Halligan: China, Not the West, Will Dominate World Economy
Liam Halligan, economist, broadcaster, and author of the weekly "Economics Agenda" column in London's Sunday Telegraph for 11 years, asserts and demonstrates in yesterday's column entitled, "A Return to an Old World Order," that the U.S. and other economies of the West are now clearly second to the economies of the East, spearheaded by the BRICS whether we like it or not.
Halligan "marches the facts":
--In 1980, China's annual economic output was just one-tenth of the U.S.; in 2004, it was half; in October, IMF stats showed China's annual GDP at $17.6 trillion, compared with $17.4 trillion in the U.S. This is hugely symbolic, says Halligan, as the U.S. has been the world's largest economy since 1872, when it overtook Britain.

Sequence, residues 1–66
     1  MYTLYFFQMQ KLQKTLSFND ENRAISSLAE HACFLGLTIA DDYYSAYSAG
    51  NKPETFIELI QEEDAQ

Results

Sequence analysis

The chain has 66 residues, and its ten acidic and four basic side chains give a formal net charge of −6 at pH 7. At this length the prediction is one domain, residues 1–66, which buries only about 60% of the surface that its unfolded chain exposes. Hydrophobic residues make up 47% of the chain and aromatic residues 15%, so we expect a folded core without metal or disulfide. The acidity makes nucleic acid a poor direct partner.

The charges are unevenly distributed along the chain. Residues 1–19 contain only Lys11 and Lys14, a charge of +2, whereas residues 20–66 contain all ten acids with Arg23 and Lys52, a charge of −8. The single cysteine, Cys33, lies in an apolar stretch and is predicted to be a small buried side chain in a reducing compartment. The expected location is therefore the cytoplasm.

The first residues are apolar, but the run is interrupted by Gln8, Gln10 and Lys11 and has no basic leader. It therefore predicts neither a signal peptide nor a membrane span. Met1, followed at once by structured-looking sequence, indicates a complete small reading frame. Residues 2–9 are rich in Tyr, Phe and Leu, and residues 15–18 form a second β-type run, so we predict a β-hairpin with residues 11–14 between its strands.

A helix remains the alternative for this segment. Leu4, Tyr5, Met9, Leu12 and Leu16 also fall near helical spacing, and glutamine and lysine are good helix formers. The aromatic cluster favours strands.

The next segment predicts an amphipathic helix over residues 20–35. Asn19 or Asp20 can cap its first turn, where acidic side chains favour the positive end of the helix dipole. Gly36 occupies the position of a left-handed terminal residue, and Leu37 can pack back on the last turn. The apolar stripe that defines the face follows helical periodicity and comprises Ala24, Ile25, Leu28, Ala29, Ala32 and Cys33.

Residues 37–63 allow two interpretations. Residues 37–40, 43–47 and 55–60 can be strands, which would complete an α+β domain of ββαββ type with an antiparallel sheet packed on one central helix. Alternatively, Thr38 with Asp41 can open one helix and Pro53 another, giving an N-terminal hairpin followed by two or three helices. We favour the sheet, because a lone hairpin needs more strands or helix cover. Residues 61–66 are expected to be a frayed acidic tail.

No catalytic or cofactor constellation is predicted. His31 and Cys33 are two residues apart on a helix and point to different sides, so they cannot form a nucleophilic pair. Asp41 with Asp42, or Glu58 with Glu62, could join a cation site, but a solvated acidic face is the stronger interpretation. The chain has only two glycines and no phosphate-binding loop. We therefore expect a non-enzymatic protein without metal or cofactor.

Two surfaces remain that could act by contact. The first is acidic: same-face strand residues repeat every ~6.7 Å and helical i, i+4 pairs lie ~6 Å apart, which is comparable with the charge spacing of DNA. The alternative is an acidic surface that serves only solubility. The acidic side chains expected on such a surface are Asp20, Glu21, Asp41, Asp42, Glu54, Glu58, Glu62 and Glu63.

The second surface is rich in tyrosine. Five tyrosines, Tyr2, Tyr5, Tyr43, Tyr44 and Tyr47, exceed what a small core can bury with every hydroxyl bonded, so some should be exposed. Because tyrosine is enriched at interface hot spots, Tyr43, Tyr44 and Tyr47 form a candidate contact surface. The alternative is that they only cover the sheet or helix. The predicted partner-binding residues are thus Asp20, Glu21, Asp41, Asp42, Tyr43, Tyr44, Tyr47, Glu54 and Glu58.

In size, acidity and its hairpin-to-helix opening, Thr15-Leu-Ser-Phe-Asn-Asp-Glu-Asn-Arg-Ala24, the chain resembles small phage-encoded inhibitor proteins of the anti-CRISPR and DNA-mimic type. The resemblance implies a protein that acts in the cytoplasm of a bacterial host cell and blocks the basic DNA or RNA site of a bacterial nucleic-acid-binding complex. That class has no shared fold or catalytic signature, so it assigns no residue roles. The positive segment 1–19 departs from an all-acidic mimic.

--Since the early 1980s, China's average GDP growth has been 9.8%, compared with 2.7% in the U.S., a performance China achieved not by following the "Western model," but by "combining aspects of our market mechanism with state control..." Asia, Africa, and Latin America are increasingly impressed by the Chinese model, he writes.
"More importantly, says Halligan,
It is "unwise" for the West to "snub" such countries, and exclude them from the higher echelons of institutions like the IMF.
Halligan says trade talks are "in tatters," and East-West relations are at their lowest ebb for many years, and signs are that the conflict is growing.